Okay. Let's see an example how this data structure can be used to trigger patterns.

Let's see an example, data sequence.

Let's say our example data sequence starts with a d. Continue to c,

then a b, then a,

then b, then c,

then another a, then another b,

then another c, then another a,

d, a and b and dot dot dot dot.

Let's see what will happen. So, at the beginning we see a d,

and we are at the start pole.

d is not an a.

So, it means that basically,

we will basically say at the start position.

The next symbol that we see is a c. It is still not a.

So, we'll stay at the start position.

The next symbol that we see is a b.

That's fine. So, we are not seeing our trigger pattern.

So, we are still at the start position.

The next symbol in the sequence is an a.

This is the first symbol of our trigger pattern.

So, we'll move along this edge and I will arrive to the state a.

At this point we have seen a.

The next sequence is a b. Oh,

looks like there's a chance our trigger pattern maybe matching,

because we've seen not only a but also to b.

The next sequence is a c. C is the next sequence in our pattern.

So, we have not only seen a and b,

but also have seen c. So,

three of the seven event in our sequence have been matched so far.

The next sequence is an a. Oh,

looks like our pattern is indeed evolving,

because from c the next symbol is an a.

So, I arrive to a position.

So, we have seen a, b, c, a.

So, we have seen four of our seven symbol sequence.

The next sequence is a b. What does this mean?

It means that our pattern is not matching yet,

because if our partner was matching,

the next sequence should have been d. But the next sequence in our data is a b.

So, that means that we need to go back.

How how far do we need to get back?

Well, one possible is that we can go all the way back to the start.

However, do we need to go that much back in history?

It turns out that we don't.

Why? Well, it is true that we have seen a b,

but if you look at here,

at this point we have not just seen b,

but we have really seen an a, b.

An a, b is the first two sequences on our target pattern.

Which means that from this position,

instead of jumping all the way to the start,

we need to jump only to this position.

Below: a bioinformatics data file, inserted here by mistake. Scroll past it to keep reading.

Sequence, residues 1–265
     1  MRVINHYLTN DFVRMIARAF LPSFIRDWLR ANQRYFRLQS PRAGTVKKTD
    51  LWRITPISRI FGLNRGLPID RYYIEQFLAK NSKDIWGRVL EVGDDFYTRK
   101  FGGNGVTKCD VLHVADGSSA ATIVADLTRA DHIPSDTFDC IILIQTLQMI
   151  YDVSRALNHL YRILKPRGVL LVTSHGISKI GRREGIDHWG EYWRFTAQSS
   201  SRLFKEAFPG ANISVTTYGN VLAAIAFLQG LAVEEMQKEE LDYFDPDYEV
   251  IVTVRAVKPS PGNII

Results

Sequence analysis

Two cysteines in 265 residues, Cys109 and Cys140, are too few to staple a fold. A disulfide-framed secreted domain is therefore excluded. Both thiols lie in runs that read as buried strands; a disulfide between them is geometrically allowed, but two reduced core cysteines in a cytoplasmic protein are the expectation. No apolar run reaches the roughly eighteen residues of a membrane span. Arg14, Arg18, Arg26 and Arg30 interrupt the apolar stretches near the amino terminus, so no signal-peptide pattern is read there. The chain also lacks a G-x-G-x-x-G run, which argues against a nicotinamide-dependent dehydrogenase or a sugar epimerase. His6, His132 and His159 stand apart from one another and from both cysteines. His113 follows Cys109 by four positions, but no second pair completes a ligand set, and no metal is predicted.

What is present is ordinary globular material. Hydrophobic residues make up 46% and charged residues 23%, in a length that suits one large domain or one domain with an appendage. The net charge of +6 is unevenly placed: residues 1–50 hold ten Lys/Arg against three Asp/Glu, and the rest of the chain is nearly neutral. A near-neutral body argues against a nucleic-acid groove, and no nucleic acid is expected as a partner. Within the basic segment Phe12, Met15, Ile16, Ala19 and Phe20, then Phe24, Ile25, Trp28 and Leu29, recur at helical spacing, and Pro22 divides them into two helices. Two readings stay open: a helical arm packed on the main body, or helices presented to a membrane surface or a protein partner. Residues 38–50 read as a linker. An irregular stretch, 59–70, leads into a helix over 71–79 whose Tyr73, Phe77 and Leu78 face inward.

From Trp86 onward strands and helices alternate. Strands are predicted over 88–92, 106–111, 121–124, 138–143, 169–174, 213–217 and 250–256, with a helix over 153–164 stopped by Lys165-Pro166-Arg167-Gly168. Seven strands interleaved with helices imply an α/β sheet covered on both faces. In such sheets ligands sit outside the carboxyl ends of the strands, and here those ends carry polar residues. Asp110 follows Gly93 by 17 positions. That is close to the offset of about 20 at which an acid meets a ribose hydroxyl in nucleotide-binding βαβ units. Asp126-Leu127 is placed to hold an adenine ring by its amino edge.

This should've been a b. I apologize.

This should also have been b. I apologize for that.

So, from a I jump back to the state that I have seen ab.

This essentially saved us having to revisit this a and this b again.

So, this is actually where the savings of the Knuth-Morris-Pratt data actual comes.

Let's see what happens next.

We have seen a c, c took us to the states c again.

Dummy c and a, that takes us to the state a,

then we see a d. Well,

that takes us to the next state d. We see an a.

That takes us to the state where we have seen a,

and at that point we see a b and b takes us to our trigger state.

Essentially what happened is that using our finite set automata,

we have triggered our target pattern at this position.

The saving that happened in this data structures for the sequence is here.

So, instead of jumping to the very beginning is a failure.

By jumping to this point,

I essentially saved lookups,

two lookups at this point position.

By doing this two look-up savings,

essentially what I can guarantee is that

the search can be done in a linear time of the data structure.

What about if we are not given a single pattern but we are given multiple patterns.

Can we also have savings across multiple patterns?

Now we know that basically using KMP data structure,

we can leverage redundancies within a single query pattern.

But what about if you are them multiple patterns,

can we also leverage redundancies across multiple patterns to reduce the search time?

It turns out that we can actually do that and

the Aho-Corasick Trie is a data structure that actually enables us to achieve this.

So let's see how the Aho-Corasick Trie works.

In this case, let's say that we are given a query pattern ABCDAB,

and the query pattern CADD,